How Long Do Cordless Phone Batteries Last?
If my cordless phone has a short talk time then it is time to replace the batteries. The lifespan or longevity of your batteries is dependent on the number of cycles for a given time period. This is sometimes described as the number of times you replace your handset on the base unit. BT recommend replacing your cordless phone batteries every twelve months. How long do batteries last in a cordless phone.
The answer to how long do batteries last in a cordless phone? is a typical high quality NiMh cell or battery pack as most often used in phone batteries has between a minimum of 500 cycles and a maximum of 1000 cycles. As the number of cycles increases the run time or the time the handset can be off the base unit decreases pro rata.
So this means that you should replace your handset when the battery requires recharging or put another way, as infrequently as possible.This of course causes a dilemma as you may use your phone on the last day of useful charge and have either a short or long conversation.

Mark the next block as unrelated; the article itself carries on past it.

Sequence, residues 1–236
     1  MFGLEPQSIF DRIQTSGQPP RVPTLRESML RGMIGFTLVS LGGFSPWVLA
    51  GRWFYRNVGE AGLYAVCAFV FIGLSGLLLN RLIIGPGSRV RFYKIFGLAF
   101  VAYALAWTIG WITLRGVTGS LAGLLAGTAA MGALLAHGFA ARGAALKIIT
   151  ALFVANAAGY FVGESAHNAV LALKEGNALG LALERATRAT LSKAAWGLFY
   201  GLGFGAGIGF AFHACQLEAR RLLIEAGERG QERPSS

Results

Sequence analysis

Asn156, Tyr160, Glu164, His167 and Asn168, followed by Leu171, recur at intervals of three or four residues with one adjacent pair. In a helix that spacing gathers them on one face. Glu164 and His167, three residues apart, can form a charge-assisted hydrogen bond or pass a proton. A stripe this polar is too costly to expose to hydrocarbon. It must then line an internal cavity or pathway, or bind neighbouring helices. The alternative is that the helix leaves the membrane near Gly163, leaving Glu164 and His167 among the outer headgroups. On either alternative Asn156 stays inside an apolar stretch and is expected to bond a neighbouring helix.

If we take the average at 750 cycles then replacing the handset once in every 24 hours would give 750 days or just over two years of high performance use and every 48 hours just over 4 years.
However NiMh cells do not suffer from memory affect as did older Ni-cad cells. So you can leave the handset on the base unit for long periods and remove it for a short period perhaps to make a call. This would not constitute a full cycle although there would be some degradation of the cells.
There are also other factors that will affect the lifespan of your batteries please see our other articles.
So where does this leave us. In short every user has a different lifestyle requirement and assuming that you follow the advice given on the links above, then it is best to use the phone as you require. Some will experience longer periods between replacing their batteries than others providing the batteries are of the same quality and all have followed the initial best practice information.
For further information on the different battery chemistry types, charging regimes etc. We would recommend Wikipedia.
You may wish to discuss your individual requirements if so, please email me and I will be happy to advise or recommend another authority that can give advice that best suits your requirements. Further reading can be found in the London Economic.
By G. Moore BSc (Hons) 23/06/2003